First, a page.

Tuesday, April 7, 2015
A Girl Like Her 
ChicagoTribune (C. Darling) review
A Girl Like Her  (written and directed by Amy S. Weber) is a very well done film using a fictionalized documentary format about bullying at a random upper-middle-class high school somewhere in the United States today.
Jessica Burns (played by Lexi Ainsworth) was an utterly random high school sophomore, perhaps kinda bright, perhaps kinda shy, whose social world went into a nose dive after an _utterly random_ incident some 6-9 months back with her former best friend from grade school named Avery Keller (played spot-on perfectly by Hunter King) who, in turn, was turning/blossoming into "the popular girl" in their class: Basically SOMETIME during the middle of their previous (Freshman) year, during a test, Avery KINDA looked over to Jessica's desk PERHAPS looking to copy an answer to one of the questions AND Jessica KINDA turned away and covered-up her work. And THAT ... was that.
THAT UTTERLY RANDOM 1-2 SECOND "INCIDENT" SENT THEIR PREVIOUSLY YEARS LONG "BFF" RELATIONSHIP, QUITE LITERALLY INTO A _DEATH SPIRAL_. AVERY, becoming "the popular girl" in their class decided to _socially destroy_ Jessica, and spent (along with her growing "multitude" of new friends) the NEXT 6-9 MONTHS, RELENTLESSLY PICKING-ON her (perhaps somewhat-less good-looking, perhaps somewhat more socially awkward, perhaps somewhat SMARTER) FORMER BEST FRIEND JESSICA.
... and Jessica's social world COLLAPSED to a single somewhat adoring, somewhat nerdy friend named Brian (played again wonderfully by Jimmy Bennett). Seeing what was happening to Jessica at the hands of Avery and her legion of "popular friends," HE came up with the idea of "documenting this." How? At some random electronic store, he bought Jessica a little spy cam. Basically it was a little camera inside a butterfly-like pendant and he asked her to wear it.
Why? Why would she wear it? Well, Brian gave her a plausible story that he was simply interested in computers / video (which he was) and he thought it would be kinda cool that she wear this camera to document her life. OF COURSE he mentioned that it could be useful to document some of the bullying that's happening to her. BUT he makes it more positive sounding, telling her that he just wanted to see if together they could eventually make a movie about "a random high school girl's life" (and that random high school girl would be Jessica). And Jessica, otherwise DOWN AS COULD BE, found this "project" ("for her friend") positive / interesting.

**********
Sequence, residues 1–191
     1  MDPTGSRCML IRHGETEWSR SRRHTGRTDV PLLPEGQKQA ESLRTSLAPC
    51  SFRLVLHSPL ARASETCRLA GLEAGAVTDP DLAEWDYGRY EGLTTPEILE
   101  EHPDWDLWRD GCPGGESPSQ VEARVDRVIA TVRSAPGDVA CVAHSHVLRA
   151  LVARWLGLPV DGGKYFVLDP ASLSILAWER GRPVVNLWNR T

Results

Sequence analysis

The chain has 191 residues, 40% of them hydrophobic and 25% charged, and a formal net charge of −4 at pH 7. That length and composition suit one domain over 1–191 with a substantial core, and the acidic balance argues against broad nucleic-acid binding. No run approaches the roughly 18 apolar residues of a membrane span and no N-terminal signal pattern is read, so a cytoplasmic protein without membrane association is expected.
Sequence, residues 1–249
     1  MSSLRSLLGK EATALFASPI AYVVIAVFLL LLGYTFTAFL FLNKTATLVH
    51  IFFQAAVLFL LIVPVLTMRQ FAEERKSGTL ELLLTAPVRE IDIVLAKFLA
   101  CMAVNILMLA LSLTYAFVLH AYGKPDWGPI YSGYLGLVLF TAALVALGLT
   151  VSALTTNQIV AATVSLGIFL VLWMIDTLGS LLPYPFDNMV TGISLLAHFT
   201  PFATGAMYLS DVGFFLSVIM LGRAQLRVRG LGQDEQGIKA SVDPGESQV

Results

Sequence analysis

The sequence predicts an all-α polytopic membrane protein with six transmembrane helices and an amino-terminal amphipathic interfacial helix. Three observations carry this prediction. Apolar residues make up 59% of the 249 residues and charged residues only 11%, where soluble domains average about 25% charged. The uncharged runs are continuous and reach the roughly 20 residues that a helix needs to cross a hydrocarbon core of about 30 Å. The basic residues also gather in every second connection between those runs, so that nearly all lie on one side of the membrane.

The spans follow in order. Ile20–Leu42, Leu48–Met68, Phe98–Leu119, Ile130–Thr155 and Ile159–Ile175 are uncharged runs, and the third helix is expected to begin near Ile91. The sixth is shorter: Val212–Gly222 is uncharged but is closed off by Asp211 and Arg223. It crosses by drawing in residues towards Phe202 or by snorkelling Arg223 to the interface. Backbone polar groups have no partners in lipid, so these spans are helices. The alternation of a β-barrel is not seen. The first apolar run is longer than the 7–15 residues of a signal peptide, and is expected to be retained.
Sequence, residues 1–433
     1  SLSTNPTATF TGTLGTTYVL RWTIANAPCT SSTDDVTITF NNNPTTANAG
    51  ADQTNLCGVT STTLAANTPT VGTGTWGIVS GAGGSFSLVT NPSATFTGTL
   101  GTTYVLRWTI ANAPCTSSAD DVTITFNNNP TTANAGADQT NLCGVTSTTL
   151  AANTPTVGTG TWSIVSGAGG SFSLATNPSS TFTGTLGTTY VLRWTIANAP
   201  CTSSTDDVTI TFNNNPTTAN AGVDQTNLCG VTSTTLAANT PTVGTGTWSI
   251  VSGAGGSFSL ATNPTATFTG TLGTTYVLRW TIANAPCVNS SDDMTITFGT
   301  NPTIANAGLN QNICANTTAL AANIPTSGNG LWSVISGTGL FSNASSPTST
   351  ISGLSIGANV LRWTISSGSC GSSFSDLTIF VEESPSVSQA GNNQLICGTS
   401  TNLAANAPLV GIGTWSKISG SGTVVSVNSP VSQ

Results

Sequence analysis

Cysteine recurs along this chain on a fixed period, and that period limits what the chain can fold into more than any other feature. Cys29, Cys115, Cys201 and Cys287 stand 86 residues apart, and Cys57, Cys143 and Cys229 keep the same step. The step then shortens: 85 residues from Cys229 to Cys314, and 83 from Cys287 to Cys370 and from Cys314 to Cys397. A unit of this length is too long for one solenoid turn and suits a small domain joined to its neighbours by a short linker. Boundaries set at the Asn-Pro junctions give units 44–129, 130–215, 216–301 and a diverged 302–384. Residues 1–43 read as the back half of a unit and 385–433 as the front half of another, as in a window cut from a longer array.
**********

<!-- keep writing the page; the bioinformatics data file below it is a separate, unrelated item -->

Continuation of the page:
Well, of course the bullying of her does not stop, and eventually, Jessica (something of a SPOILER ALERT, but IT HAPPENS SO EARLY IN THE FILM, that it arguably helps set the film up) tries to commit suicide.
Why (does she do that)? Well, that "spy footage" of course is going to help explain why ...
But in the meantime, something else was going on at school. A professional documentary team arrived at the school just before Jessica's suicide attempt to do a piece about the school because it had just been selected as "one of the 10 best high schools in the country." Then in the midst of their filming to do that piece, word comes out that one of the school's students tried to commit suicide. SO WITH THE SCHOOL ADMINSTRATION'S PERMISSION, the documentary crew decides to pursue _that new angle_ as well: "Even though this would be one of the best schools in the country, nevertheless it's not free of teenage problems ..."
Anyway, this then sets up the film and to writer / director Weber's credit the film doesn't make the bully, Avery, simply into a monster. She arguably becomes the central character (star?) of the film and the film leaves both teens and parents WITH MUCH TO REFLECT ON and TALK ABOUT.
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